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6 Ways to Beat Stress

Relieve stress, even when you're already feeling totally stressed out.

Are you feeling stressed out? These days, many people are. Luckily, there are numerous ways to try to reduce stress. But how do you know which to choose when your time is already stretched to the max? That depends on the type of stress you are dealing with. Is the event controllable? Is the stress chronic — for example, from your job — or situational, from a recent experience? Are you already in a high-stress state, or are you hoping to build skills that help you ward off future stress?

Following are six effective ways to reduce stress when you are already totally stressed out:

1. Exercise.

When you start to feel your stomach get knotted, exercise is the best medicine. Exercise is commonly applauded for its positive impacts on disease and overall health, but exercise has also reliably been shown to boost mood. The higher the intensity of the workout, the more you will benefit.

2. Breathe deep.

Deep breathing activates the parasympathetic nervous system, which is sometimes referred to as the “brakes” for stress. Stop and take a few deep breaths when you start to feel yourself getting tense or agitated.

3. Practice acceptance.

The common adage, "Accept the things you can not change” is indeed good advice when it comes to stress. Reflect on whether you can change what is causing you stress, or if you should try to accept it.

4. Find solutions.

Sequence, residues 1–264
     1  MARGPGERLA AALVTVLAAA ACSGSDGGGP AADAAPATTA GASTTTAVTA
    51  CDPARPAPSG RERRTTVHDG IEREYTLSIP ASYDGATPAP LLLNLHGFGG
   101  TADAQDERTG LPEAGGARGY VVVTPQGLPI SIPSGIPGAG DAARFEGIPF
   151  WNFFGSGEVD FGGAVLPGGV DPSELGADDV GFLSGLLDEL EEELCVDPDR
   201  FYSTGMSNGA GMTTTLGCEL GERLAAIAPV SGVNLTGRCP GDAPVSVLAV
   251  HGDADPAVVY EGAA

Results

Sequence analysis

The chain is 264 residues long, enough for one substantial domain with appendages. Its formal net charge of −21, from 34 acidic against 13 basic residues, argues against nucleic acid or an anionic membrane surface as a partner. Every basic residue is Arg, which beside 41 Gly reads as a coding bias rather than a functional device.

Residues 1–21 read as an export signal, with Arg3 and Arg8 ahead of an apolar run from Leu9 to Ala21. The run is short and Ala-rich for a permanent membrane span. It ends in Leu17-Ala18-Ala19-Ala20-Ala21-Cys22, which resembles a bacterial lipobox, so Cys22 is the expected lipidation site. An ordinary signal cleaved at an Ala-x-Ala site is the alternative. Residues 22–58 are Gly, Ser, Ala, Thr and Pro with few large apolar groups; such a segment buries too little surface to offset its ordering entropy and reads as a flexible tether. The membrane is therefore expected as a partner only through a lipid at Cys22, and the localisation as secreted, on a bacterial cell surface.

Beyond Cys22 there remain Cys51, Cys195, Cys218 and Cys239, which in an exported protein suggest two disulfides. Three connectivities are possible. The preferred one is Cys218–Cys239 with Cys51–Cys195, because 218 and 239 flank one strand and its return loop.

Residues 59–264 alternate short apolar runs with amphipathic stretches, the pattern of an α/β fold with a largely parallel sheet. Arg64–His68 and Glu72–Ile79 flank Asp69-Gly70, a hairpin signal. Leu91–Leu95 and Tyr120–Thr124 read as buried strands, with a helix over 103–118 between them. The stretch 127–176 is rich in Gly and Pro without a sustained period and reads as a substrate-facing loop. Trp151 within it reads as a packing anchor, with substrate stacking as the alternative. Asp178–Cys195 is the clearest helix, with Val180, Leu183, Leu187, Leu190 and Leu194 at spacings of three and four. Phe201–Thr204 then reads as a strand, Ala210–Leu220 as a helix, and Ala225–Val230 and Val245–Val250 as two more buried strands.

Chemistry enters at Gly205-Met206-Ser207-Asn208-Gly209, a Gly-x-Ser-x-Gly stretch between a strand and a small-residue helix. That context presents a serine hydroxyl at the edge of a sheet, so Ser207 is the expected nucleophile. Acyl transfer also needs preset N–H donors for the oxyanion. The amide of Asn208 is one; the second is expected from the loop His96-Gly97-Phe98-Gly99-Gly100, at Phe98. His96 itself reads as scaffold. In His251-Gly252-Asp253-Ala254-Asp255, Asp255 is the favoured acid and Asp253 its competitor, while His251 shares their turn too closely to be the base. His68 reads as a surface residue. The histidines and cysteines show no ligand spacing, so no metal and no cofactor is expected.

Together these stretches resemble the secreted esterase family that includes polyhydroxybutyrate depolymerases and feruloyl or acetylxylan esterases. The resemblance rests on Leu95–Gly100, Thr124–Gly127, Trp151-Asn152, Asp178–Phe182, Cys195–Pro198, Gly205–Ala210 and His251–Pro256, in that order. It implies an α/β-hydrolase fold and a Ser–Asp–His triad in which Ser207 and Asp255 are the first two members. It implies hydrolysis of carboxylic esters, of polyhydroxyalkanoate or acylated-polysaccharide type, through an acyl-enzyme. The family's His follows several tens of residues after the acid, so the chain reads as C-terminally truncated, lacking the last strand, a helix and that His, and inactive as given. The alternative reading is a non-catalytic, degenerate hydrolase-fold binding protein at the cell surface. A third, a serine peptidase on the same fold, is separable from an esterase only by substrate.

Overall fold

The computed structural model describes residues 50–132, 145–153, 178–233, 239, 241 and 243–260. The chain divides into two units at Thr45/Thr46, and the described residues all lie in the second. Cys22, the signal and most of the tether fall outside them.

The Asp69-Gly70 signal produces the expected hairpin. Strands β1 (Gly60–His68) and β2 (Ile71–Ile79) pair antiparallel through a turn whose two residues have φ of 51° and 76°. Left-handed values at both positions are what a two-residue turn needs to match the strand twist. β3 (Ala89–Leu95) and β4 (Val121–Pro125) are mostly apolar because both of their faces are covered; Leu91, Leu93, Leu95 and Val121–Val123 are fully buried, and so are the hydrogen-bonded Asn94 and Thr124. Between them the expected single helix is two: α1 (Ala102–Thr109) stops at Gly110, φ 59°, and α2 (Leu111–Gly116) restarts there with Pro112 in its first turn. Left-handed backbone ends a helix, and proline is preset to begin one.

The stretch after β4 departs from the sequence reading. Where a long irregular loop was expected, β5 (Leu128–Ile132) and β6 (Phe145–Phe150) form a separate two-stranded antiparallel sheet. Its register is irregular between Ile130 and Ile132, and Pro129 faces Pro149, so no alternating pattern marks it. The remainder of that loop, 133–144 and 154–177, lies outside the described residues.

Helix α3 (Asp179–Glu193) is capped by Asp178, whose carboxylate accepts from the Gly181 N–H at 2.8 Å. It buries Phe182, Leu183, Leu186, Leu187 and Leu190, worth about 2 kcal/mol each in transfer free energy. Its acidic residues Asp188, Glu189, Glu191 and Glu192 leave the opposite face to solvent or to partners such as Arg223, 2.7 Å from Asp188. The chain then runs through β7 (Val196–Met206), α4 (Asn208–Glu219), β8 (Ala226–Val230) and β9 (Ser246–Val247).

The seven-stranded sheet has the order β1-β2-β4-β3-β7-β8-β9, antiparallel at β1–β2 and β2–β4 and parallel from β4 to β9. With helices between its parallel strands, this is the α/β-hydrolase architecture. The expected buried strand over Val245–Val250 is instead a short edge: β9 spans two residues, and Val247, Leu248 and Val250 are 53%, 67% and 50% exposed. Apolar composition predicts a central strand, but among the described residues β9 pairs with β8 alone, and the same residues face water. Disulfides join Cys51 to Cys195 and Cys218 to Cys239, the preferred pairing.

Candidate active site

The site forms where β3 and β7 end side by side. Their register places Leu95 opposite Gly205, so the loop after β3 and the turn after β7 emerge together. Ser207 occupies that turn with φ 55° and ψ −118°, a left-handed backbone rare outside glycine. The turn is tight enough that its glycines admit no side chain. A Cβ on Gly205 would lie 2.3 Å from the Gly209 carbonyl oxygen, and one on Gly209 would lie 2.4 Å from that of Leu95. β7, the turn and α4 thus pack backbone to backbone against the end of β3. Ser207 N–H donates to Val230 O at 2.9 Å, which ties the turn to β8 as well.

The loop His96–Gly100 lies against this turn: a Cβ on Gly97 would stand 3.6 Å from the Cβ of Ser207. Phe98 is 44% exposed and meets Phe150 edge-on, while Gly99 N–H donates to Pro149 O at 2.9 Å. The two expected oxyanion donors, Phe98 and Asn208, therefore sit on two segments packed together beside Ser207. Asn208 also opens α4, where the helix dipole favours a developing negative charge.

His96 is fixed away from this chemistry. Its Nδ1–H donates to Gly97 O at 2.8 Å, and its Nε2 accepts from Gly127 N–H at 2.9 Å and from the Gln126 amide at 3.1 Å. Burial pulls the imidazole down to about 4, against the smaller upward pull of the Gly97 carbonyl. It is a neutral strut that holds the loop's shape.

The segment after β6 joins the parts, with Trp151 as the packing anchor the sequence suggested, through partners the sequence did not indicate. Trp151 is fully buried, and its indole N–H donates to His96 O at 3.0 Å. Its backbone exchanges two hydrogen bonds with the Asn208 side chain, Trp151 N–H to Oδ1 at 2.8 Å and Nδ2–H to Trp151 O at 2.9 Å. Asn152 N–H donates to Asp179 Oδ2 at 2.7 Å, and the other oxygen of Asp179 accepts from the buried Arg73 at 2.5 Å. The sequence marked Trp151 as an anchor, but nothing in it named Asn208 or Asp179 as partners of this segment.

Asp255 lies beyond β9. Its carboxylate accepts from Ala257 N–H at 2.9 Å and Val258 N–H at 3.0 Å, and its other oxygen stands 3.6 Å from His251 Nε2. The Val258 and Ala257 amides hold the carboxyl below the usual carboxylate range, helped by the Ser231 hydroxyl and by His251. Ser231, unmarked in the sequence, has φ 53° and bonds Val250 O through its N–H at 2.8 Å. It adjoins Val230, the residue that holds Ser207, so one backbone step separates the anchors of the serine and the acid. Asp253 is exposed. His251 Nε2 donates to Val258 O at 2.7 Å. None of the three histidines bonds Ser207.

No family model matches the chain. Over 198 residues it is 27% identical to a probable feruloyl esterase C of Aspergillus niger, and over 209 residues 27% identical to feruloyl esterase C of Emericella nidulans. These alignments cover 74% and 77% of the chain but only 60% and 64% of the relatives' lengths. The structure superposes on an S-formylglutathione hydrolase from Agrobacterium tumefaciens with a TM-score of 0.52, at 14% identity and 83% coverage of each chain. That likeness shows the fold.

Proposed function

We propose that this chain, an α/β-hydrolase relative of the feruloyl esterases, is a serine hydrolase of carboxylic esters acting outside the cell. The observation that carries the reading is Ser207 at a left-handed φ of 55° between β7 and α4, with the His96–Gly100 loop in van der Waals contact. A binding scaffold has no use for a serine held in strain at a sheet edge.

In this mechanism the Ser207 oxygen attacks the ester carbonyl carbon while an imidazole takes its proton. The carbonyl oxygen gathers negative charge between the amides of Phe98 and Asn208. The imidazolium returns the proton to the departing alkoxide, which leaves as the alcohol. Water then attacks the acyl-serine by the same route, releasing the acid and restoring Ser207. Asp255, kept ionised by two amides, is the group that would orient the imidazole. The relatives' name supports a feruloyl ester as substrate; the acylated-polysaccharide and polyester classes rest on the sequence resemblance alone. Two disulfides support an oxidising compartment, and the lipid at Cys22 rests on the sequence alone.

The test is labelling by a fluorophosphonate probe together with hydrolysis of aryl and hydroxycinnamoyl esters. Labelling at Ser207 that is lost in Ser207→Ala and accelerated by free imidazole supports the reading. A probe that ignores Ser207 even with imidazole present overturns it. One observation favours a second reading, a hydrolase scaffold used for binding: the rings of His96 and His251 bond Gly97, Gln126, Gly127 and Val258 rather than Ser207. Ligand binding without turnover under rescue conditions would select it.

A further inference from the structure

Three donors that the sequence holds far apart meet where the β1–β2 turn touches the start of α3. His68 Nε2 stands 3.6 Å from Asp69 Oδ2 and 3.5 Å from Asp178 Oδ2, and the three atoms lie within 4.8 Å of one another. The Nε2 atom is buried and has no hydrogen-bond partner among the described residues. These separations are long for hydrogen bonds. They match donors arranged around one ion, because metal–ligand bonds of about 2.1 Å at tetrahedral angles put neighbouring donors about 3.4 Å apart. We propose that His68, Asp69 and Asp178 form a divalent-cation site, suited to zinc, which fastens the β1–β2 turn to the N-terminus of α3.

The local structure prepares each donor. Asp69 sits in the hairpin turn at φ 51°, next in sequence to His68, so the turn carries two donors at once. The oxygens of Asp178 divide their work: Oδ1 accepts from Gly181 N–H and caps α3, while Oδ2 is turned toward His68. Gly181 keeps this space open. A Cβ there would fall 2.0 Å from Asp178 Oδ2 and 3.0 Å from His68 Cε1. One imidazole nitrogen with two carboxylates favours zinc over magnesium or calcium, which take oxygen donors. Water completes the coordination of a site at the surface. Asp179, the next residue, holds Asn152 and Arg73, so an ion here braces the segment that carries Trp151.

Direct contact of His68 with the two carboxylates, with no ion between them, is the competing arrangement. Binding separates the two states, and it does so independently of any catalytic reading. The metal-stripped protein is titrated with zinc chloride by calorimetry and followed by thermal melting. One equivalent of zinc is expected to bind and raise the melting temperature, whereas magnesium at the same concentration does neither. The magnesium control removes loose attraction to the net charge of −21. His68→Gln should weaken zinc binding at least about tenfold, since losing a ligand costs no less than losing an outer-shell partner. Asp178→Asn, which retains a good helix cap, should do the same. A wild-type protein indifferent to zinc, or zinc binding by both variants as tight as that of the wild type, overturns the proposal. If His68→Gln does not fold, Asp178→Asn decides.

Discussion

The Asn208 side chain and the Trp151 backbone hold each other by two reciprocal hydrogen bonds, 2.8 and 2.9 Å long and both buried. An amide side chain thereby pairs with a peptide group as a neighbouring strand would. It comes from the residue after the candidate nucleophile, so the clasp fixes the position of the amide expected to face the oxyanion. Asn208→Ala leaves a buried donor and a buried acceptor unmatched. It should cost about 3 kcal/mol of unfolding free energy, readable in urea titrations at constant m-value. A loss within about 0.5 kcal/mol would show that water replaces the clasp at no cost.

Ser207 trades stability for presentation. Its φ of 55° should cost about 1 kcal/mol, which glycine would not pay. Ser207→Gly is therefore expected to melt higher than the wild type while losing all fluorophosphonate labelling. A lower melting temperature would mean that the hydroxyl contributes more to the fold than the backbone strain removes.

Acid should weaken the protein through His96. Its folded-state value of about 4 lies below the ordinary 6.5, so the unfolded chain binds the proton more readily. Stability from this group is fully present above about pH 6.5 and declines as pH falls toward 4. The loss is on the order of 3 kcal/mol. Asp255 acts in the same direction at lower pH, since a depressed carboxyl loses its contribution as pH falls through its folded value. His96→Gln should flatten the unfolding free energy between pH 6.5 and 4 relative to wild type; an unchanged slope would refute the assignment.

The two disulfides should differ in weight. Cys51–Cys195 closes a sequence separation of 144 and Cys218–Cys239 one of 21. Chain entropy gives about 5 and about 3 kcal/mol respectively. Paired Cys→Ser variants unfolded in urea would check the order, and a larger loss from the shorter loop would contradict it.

The second half of the adage above is “change the things you can.” Indeed, finding solutions to the problems that are causing your stress is a more effective way to reduce stress when what is causing your stress can be changed. So if you can change your situation, choose this technique.

5. Limit caffeine.

Caffeine affects your body in ways that increase anxiety and reduce sleep, prohibiting your recovery from stress. So to decrease your overall stress level, cut out the coffee and soda.

6. Develop a challenge mindset.

Just about any event in life can cause stress, depending on whether it’s interpreted as a challenge or a threat. If you feel threatened by a situation, you’ll be stressed. But if you instead view it as a challenge — or an opportunity to overcome adversity — you may be able to transform some of your stress into invigoration. So practice viewing your stress as a challenge — and have confidence that you can overcome that challenge.

In sum: Stress is never easy, but if you understand its origins, you can begin to make wiser decisions about how to stop it. And these six stress-busting techniques can help.

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